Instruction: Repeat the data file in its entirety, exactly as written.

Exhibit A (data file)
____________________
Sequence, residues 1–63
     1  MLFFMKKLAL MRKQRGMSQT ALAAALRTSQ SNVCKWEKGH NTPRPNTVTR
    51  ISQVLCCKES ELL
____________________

Sequence, residues 1–63
     1  MLFFMKKLAL MRKQRGMSQT ALAAALRTSQ SNVCKWEKGH NTPRPNTVTR
    51  ISQVLCCKES ELL